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Without Puberty

Without Puberty


Hormone blockers for minors, the trans movement's new frontier.

Many transgender people have just one regret: not transitioning sooner. That may soon be a thing of the past as a growing number of trans kids turn to puberty-blocking hormones.

The Food and Drug Administration has long approved hormone blockers for nontransgender children experiencing early puberty. But a growing number of U.S. physicians are legally prescribing these blockers to trans youth at the onset of puberty--an investigational off-label use. Doctors argue that medical intervention at that point is safer than letting trans children endure the wrong kind of puberty or take medications without supervision.

Some transgender minors delay puberty until adulthood; others begin cross-sex hormones soon after starting hormone blockers while minors. Though the treatment is reversible, prescribing minors hormone blockers is clearly an incendiary issue. Psychologist Kenneth Zucker believes that forcing transsexualism is dangerous for children who simply don't fit normative gender roles. Other practitioners advocate a different kind of intervention: forcing normative gender roles on gender-nonconforming children, e.g., making a little girl, even if she identifies as a boy, wear dresses and play house.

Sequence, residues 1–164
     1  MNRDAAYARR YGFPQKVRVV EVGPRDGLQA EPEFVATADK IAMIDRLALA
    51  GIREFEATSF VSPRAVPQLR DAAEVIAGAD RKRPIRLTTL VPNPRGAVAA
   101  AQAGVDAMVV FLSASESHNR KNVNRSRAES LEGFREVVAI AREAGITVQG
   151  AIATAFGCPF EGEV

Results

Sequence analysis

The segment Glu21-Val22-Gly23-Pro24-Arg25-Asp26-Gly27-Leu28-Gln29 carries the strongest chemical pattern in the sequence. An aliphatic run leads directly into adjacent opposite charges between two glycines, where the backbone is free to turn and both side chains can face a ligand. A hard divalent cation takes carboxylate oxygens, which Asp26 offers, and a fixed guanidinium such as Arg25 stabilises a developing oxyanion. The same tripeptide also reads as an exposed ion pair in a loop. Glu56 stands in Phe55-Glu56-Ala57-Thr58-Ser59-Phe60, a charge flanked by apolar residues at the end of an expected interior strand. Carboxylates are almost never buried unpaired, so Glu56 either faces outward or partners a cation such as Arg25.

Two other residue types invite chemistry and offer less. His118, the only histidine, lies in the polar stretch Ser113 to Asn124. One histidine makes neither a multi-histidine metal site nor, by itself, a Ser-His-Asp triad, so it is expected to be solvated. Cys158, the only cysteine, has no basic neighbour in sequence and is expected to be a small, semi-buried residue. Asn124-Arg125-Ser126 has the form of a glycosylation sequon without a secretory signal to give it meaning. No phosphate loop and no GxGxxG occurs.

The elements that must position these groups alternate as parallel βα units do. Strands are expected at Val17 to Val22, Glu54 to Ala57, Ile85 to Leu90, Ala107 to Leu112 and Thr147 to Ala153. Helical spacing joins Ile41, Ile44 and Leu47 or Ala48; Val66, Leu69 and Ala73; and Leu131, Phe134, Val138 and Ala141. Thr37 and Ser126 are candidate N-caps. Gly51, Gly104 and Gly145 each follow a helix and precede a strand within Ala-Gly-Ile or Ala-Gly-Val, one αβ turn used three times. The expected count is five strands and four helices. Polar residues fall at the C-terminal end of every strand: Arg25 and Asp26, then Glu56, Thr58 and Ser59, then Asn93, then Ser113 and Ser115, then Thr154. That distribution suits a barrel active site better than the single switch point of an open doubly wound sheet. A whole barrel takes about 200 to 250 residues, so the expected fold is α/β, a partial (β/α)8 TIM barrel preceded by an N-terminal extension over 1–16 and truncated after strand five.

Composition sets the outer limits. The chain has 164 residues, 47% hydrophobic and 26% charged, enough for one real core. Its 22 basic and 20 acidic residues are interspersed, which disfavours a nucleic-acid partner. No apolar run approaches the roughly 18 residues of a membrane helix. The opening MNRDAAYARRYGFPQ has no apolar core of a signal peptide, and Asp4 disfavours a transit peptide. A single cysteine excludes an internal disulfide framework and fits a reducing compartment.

Can an 11-year-old be sure he or she is in the wrong body? Some studies seem to indicate gender identification occurs long before puberty. According to psychologist Marsha Weinraub, children typically become aware of adult sex role differences by the time they're 3, and gender identity follows closely behind. Other results are less clear--as in cases of infants whose sex is reassigned due to cloacal exstrophy, a rare birth defect. In a Johns Hopkins study of 16 genetic males affected by cloacal exstrophy, eight of the 14 who had been reassigned the female sex neonatally later declared themselves male.

Betsy*, a Kentucky mom, didn't wait for her doctors to arrive at a consensus. She knew her son Tucker was born into the wrong body and that menstruation and breast development would traumatize him. By the time Tucker was 11 he had starting taking hormone blockers, and Betsy was driving him 300 miles to the nearest doctor who would treat him.

"It's financially devastating," Betsy says, certain she's doing the right thing. "Insurance covered the pills, but they're not working. His hormone levels are still rising, so we plan to switch to injections."

*Surname omitted by request. Disclosure: Author is affiliated with TransYouth Family Advocates, a nonprofit that supports medical intervention for trans minors.

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